Here is the link: https://www.amazon.com/dp/B0B3GVTN8L
Last Week’s Post: Practicing a Lost Art
In our E-age, the letter is a dusty relic. Like a rotary phone in the corner of Mick Jagger’s garage. We’re hammered with hourly emails, snaps, and tweets. Though convenient, this quick, informal communication has diluted the intentionality of written communication. Our modern spirit has been cuffed by brevity and speed. Sometimes we forget to breathe. Sometimes we forget to reflect. Sometimes we forget that slowing down is necessary for survival.
Quote of the Week:
If you would like to share something with others (a photo, a poem, a song, a quote, etc.) that tosses some positive vibes into the world, please send your suggestions to me at firstname.lastname@example.org. Thanks!
Bedtime Stories for the Living recently received not ONE…not TWO…but THREE highly coveted 5-Star ratings from Reader’s Favorite–a highly-respected literary website that reviews books from all over the world!!!
Readers’ Favorite Review by Emma Megan
Jay Armstrong, a high school English teacher, explains in “Bedtime Stories for the Living: A Father’s Funny and Heartbreaking Memoir About The Power of Pursuing Your Dreams” how he was diagnosed with a rare, degenerative brain disease. This striking memoir contains wonderful love letters for each of Jay’s children, beautiful true stories, and precious life lessons and advice. It also contains what Jay never told his kids, what he felt like saying to them but failed as life got in the way. In “Bedtime Stories for the Living”, Jay talks about poetry and books, the importance of writing and its impact on his life, offering aspiring writers valuable writing tips. He also talks about the beauty and the challenges of life, of being a parent, and the difficulty of dealing with a rare disease.
You cannot read this breathtaking memoir and still be ungrateful for your health. “Bedtime Stories for the Living” by Jay Armstrong is the best motivational book I’ve ever read. Jay’s writing style is addictive, mainly because it’s nostalgic, vulnerable, and filled with wisdom and sorrow. In his uniqueness, Jay inspires and encourages not only his children but all his readers to figure out their dreams and to chase the one that brings them joy, to read poetry, and never to ignore their internal voice. He reminds them that they are responsible for how they adapt to change. “Bedtime Stories for the Living” is truly an empowering book as it speaks to the heart and the mind and delivers inspirational life lessons and unique stories. It’s undoubtedly a must-read.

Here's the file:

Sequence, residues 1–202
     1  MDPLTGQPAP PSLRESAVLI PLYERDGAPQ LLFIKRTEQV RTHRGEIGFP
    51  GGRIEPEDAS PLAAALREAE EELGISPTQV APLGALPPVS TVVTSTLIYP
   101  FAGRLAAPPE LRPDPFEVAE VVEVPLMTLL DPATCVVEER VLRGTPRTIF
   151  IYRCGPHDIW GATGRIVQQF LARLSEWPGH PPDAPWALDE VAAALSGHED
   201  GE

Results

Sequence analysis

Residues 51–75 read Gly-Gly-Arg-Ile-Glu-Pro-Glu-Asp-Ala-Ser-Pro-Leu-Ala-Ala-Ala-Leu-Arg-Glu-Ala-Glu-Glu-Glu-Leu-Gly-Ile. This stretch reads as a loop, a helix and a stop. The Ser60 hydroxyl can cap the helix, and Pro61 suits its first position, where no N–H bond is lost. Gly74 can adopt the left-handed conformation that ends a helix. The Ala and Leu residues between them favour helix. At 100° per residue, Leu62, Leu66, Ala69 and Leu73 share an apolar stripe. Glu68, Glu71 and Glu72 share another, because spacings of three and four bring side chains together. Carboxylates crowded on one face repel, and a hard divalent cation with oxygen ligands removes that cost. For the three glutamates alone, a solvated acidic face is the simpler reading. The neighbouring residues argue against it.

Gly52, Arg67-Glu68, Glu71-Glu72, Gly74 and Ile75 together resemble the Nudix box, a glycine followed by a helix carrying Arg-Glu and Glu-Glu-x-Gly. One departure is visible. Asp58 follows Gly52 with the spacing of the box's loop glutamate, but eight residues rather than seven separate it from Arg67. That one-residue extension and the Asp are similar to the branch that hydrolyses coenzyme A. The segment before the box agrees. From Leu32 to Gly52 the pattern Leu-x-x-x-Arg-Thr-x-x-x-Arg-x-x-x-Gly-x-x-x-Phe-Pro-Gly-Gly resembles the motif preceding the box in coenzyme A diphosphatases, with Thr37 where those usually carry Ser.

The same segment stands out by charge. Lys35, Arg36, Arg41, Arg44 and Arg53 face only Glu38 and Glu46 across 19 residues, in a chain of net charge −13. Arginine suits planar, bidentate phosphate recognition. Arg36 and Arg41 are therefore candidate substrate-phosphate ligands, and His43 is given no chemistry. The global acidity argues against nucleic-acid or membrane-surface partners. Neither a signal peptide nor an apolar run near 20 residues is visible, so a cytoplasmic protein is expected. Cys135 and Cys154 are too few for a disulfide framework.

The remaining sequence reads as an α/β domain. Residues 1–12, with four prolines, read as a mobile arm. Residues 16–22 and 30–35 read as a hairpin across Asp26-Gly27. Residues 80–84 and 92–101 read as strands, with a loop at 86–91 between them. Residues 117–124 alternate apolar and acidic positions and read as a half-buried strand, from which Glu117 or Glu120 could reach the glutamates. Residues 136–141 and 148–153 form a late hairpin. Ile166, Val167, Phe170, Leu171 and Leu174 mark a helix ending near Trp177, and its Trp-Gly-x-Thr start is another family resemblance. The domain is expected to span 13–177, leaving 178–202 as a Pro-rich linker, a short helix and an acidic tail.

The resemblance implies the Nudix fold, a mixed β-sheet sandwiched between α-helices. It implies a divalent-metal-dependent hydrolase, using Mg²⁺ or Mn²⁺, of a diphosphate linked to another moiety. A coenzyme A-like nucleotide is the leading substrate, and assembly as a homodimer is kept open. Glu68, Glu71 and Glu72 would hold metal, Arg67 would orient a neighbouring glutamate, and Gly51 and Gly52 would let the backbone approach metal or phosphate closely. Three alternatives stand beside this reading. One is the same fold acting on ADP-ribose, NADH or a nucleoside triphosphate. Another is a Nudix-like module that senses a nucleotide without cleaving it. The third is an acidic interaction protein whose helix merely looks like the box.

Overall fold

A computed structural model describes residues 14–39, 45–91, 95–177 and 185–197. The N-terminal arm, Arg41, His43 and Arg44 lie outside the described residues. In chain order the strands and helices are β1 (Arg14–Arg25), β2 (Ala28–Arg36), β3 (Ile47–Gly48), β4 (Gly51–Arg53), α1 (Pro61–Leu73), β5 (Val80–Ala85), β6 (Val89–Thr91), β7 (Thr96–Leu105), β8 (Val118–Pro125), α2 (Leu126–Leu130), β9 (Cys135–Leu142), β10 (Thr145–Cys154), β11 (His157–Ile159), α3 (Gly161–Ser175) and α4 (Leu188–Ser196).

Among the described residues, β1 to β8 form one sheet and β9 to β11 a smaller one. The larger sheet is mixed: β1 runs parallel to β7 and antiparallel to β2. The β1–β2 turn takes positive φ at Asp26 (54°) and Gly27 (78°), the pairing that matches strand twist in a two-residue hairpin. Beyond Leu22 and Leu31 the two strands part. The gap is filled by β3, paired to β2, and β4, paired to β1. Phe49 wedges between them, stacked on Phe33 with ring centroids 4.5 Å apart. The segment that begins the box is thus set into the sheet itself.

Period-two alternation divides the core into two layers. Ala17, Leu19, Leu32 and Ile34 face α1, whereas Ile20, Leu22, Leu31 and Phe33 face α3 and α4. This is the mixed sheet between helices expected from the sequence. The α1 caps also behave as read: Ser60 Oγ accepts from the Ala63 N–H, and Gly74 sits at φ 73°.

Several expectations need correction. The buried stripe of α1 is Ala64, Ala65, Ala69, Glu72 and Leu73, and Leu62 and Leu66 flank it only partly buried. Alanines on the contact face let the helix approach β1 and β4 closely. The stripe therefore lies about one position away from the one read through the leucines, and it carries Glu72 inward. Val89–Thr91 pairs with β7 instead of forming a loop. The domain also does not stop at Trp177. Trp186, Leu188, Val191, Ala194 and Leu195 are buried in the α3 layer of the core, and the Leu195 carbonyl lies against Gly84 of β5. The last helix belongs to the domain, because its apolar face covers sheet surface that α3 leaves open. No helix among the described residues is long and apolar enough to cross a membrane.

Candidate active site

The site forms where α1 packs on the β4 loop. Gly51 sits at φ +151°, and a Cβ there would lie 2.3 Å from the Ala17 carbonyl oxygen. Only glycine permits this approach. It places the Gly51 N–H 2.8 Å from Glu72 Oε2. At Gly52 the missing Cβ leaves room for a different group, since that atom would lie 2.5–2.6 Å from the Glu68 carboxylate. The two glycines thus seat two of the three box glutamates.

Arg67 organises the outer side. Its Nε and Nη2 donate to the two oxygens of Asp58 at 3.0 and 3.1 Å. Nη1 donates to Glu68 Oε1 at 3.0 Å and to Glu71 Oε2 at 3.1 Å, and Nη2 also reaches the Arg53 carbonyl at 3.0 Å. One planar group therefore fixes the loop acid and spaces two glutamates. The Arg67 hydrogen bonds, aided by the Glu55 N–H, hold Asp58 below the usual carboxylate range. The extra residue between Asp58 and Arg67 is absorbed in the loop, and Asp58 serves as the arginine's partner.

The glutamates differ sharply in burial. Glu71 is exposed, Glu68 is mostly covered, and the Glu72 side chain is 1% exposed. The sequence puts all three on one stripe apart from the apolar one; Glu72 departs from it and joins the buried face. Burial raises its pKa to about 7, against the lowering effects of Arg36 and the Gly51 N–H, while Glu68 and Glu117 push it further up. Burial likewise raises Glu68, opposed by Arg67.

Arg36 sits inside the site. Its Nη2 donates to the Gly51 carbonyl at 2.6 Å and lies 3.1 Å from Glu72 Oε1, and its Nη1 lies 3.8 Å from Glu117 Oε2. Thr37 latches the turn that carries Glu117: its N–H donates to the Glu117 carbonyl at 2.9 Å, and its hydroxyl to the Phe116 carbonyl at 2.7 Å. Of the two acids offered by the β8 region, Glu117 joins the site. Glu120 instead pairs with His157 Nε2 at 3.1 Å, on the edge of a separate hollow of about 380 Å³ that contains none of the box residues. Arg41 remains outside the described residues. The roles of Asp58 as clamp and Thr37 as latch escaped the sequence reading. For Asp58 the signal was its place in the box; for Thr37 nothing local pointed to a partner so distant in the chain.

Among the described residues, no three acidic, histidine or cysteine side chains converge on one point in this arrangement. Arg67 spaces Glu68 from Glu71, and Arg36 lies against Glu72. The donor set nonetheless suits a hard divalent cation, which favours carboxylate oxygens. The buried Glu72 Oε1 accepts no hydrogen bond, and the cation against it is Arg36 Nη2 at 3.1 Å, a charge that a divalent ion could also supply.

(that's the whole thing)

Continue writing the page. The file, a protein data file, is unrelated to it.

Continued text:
Are you a reader? Looking for your next good book to read or listen to? Check out my new page “Jay’s Book Shelf” for some book recommendations.
Here’s what I’m currently reading: Teacher Man by Frank McCourt
If you like this post, you may also like:
Jay Armstrong is a writer, speaker, former high school English teacher, and an award-winning author. Despite being diagnosed with a rare neurological disease, that impairs his movement, balance, eyesight, and speech–Jay presses on. The leader of the Philadelphia Ataxia Support Group, he hopes to help you find joy, peace, and meaning in life. For Jay, a good day consists of 5 things:
4. Hearing his three children laugh
5. Hugging his wife
(Bonus points for a dinner with his parents or a drink with his friends)
Jay hasn’t had a bad day in quite a long time.
You can also visit Jay at jayarmstrongwrites.com